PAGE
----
Pastor Nick Bogardus from Mars Hill Orange County concludes his two-part post by discussing the transformation of advertising and audiences, and the impact that has had on truthful communication, including the church:
Like it or not, the church is also not exempt from these effects. Much of Christian content today is also affected by the profound shifts above: popularity is more important than consequence, speed is more important than accuracy, opinion and argument are more important than information, and writing gets boiled down to self-promotion.
Blog based on Mark Buchanan’s book, Your Church is Too Safe:
You can’t be a disciple without being a believer. But—here’s the rub—you can be a believer and not a disciple. You can say all the right things, think all the right things, believe all the right things, do all the right things, and still not follow and imitate Jesus.
The kingdom of God is made up of travailers, but our churches are largely populated with tourists. The kingdom is full of disciples, but our churches are filled with believers.
From her.meneutics – blogger Sharon Miller talks about how society has long equated physical looks with value and how falling into this thinking impacts women, including Christians. She also cites the prevalence of those “HotOrNot.com” and “Ratemypic.com” site and the trend of young girls posting YouTube videos asking whether or not they’re “pretty or ugly” as new symptoms of a disease society has long been afflicted by.
I’ll let you read the rest of the article for yourself, but I think Miller’s reference to Bethany Dillon’s “Beautiful” says it best in its lyrics about whom should be the source of our identity:
Sometimes I wish I was someone other than me
Fighting to make the mirror happy
Trying to find whatever is missing
Won’t you help me back to glory
I want to be beautiful
Make you stand in awe
Look inside my heart,
and be amazed
I want to hear you say
Who I am is quite enough
Just want to be worthy of love
You make me beautiful
You make me stand in awe
You step inside my heart, and I am amazed
I love to hear You say
Who I am is quite enough
You make me worthy of love and beautiful
From Stand to Reason – Author responds to the method of reasoning by the gay community that since homosexuality in the animal kingdom “naturally” occurs, homosexuality in humans is natural as well, and therefore justified. In short, the author notes that this logic is reductio ad absurdum (LSAT logic ftw).
There’s something wrong with this line of reasoning. In fact, a simple question composed of a two-letter word gets right to the heart of the problem: So? Even if animals exhibit homosexual behavior, so? What does that prove? It proves nothing. Do advocates of this view really want to say: Because animals engage in X behavior, therefore X is natural/moral for humans? This claim is absurd. Here’s why…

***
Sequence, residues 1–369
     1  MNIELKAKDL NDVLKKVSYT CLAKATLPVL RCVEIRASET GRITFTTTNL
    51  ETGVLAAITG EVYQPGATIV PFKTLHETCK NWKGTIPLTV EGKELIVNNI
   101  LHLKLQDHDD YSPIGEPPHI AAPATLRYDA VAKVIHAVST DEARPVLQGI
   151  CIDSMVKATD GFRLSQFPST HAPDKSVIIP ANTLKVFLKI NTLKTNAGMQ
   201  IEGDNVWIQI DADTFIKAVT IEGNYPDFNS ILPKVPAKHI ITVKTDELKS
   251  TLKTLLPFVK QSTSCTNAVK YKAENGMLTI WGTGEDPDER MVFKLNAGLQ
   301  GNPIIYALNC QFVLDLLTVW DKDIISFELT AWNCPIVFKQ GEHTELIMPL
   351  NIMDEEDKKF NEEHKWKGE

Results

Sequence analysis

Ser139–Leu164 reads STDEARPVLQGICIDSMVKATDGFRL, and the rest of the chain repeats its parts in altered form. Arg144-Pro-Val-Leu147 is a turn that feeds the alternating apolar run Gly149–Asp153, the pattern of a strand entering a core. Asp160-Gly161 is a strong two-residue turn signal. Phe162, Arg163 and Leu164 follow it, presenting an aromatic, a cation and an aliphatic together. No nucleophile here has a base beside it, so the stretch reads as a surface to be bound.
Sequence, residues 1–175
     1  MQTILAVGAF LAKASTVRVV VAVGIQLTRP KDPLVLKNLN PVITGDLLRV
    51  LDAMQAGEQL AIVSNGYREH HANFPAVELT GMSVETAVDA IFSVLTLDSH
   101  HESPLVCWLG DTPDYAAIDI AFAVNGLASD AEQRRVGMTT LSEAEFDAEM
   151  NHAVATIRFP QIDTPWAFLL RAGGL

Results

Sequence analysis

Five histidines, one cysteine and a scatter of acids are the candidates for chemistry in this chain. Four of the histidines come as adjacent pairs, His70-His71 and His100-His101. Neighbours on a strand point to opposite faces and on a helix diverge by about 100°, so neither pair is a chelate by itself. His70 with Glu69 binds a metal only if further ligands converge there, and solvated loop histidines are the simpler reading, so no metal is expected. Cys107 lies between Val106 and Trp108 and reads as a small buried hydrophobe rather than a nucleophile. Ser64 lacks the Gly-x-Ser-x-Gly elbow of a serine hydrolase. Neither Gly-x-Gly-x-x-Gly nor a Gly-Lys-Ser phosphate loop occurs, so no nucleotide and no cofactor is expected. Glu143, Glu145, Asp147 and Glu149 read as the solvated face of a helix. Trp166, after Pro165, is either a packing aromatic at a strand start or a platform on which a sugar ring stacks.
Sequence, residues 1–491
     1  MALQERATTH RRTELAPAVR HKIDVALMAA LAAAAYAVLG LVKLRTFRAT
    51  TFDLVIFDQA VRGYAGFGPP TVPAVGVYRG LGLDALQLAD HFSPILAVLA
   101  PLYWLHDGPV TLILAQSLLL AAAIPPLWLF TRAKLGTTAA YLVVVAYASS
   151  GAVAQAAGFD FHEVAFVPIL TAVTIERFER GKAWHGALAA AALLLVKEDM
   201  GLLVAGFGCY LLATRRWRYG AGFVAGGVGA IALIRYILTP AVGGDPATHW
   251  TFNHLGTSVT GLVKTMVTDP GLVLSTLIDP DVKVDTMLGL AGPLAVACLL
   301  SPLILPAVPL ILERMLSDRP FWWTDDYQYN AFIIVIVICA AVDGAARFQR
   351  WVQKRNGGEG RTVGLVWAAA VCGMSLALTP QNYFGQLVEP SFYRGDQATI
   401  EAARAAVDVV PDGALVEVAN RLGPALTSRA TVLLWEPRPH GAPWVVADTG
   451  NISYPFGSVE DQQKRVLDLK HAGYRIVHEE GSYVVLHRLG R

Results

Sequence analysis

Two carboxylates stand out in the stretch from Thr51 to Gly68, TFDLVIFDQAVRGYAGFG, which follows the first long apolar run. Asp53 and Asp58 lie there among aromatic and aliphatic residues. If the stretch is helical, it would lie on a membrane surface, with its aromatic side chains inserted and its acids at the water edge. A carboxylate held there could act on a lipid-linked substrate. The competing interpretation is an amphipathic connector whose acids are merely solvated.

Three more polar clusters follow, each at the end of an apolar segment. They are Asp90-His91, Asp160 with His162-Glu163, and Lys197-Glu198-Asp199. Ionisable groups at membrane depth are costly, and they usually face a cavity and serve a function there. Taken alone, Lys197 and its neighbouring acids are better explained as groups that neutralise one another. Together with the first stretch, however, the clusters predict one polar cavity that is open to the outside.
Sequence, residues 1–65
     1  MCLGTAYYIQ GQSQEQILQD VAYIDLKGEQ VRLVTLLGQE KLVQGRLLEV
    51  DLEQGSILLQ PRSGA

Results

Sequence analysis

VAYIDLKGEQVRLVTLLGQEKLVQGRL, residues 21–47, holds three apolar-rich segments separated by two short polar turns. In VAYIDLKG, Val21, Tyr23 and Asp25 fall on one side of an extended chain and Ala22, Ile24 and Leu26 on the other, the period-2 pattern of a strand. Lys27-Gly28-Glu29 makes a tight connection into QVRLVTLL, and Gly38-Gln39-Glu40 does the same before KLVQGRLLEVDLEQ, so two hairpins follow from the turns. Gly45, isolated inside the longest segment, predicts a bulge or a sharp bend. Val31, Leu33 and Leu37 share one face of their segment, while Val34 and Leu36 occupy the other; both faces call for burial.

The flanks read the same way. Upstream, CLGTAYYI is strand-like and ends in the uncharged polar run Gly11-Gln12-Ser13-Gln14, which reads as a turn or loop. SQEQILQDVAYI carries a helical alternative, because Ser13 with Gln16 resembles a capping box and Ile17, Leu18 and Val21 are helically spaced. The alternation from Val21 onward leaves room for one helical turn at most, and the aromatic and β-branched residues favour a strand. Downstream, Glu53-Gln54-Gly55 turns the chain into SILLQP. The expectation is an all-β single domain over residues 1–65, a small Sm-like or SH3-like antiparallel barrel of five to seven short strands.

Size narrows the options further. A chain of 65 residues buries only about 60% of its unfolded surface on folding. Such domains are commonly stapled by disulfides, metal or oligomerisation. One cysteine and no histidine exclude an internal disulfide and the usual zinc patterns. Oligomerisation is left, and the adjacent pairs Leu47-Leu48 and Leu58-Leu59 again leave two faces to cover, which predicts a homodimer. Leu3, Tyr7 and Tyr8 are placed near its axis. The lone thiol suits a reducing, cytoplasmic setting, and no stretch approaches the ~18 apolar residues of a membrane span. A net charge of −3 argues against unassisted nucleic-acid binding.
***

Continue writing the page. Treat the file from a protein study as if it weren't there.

Self-explanatory Infographic .
An overview of the problem with Twitter and 5 Costly Tweets that are prime examples of such:
The problem with Twitter, say experts, is that immediacy and informality — the site’s greatest strength — are also its greatest dangers. “When you choose to communicate on Twitter, you choose to move your private thoughts to a [public] stage,” says Derrick Daye, managing partner at LA-based consultancy The Blake Project. As a result, he says, “an ill-judged tweet can be extremely expensive.”
Author Mary Kassian takes a brief look at the history IWD, what it means, and its current message and implications. Very convicting and very true.
The message is that “true equality” requires that women be treated exactly the same as men. Women will not be equal until the sexes have interchangeable roles, interchangeable jobs, interchangeable responsibilities . . . and even an interchangeable identity. Equality means interchangeablity. The sexes will not be “equal” until a man can metaphorically “cross-dress” as a woman, and a woman as a man—until husband and wife, mother and father are superfluous terms, and the world reflects a socialist, gender-neutral 50/50 division of labor in every sphere of life.
The message we are hearing this International Women’s Day is that women will only be equal when they assume the same roles as men. Enforcing “sameness” will uphold woman’s worth and dignity.
I beg to differ.
Men and women are equal, but different. I believe that we will see the dignity of women upheld when we embrace our God-given differences—not when we deny them. What we women need is to be women—to be the relaters, responders, mothers and nurturers that God created us to be. And we need you men to step up to the plate and be men—to be the providers, protectors and fathers that God created you to be. We need you to assume the responsibility of leadership in our homes and communities and to go to bat for women who are abused, downtrodden, oppressed, and forgotten. We don’t need women to be more like men—or men to be more like women. We need radical, counter-cultural men and women who dare to delight in God’s design.
I know that as long as we live in this sin-tainted world, women—the softer, more vulnerable sex— will suffer unjustly at the hands of sinful men. Legal protection/intervention is absolutely necessary to try to alleviate her plight. But gender-bending and role obliteration does not help our cause. It just makes matters worse. It is when men sense their responsibility to benevolently protect and provide that women will experience the dignity and respect that is their due.
Equality will not be achieved by pushing for gender-neutralization of male and female roles. Women do not need to be the same to be equal. On this International Women’s Day, I encourage you women to embrace and delight in what it means to be a woman. But more than anything, I call out to you men to step up to the plate and be men.
“When men change, everything changes.”